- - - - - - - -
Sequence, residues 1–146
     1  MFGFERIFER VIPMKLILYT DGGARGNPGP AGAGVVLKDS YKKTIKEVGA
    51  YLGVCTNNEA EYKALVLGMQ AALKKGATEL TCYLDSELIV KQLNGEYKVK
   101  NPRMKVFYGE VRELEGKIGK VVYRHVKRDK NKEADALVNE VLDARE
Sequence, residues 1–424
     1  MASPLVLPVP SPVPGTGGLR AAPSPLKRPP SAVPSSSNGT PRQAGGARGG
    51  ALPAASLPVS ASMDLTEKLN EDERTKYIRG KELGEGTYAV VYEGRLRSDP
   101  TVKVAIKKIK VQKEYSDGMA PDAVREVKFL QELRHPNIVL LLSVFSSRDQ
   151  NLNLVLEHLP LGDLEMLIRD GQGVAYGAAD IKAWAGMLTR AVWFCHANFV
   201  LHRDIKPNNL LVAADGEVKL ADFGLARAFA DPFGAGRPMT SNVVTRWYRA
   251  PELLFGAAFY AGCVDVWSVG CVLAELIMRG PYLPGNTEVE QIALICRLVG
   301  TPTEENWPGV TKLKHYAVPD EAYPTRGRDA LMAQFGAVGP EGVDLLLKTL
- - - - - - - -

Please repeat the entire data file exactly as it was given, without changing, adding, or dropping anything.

Sequence, residues 1–146
     1  MFGFERIFER VIPMKLILYT DGGARGNPGP AGAGVVLKDS YKKTIKEVGA
    51  YLGVCTNNEA EYKALVLGMQ AALKKGATEL TCYLDSELIV KQLNGEYKVK
   101  NPRMKVFYGE VRELEGKIGK VVYRHVKRDK NKEADALVNE VLDARE
Sequence, residues 1–424
     1  MASPLVLPVP SPVPGTGGLR AAPSPLKRPP SAVPSSSNGT PRQAGGARGG
    51  ALPAASLPVS ASMDLTEKLN EDERTKYIRG KELGEGTYAV VYEGRLRSDP
   101  TVKVAIKKIK VQKEYSDGMA PDAVREVKFL QELRHPNIVL LLSVFSSRDQ
   151  NLNLVLEHLP LGDLEMLIRD GQGVAYGAAD IKAWAGMLTR AVWFCHANFV
   201  LHRDIKPNNL LVAADGEVKL ADFGLARAFA DPFGAGRPMT SNVVTRWYRA
   251  PELLFGAAFY AGCVDVWSVG CVLAELIMRG PYLPGNTEVE QIALICRLVG
   301  TPTEENWPGV TKLKHYAVPD EAYPTRGRDA LMAQFGAVGP EGVDLLLKTL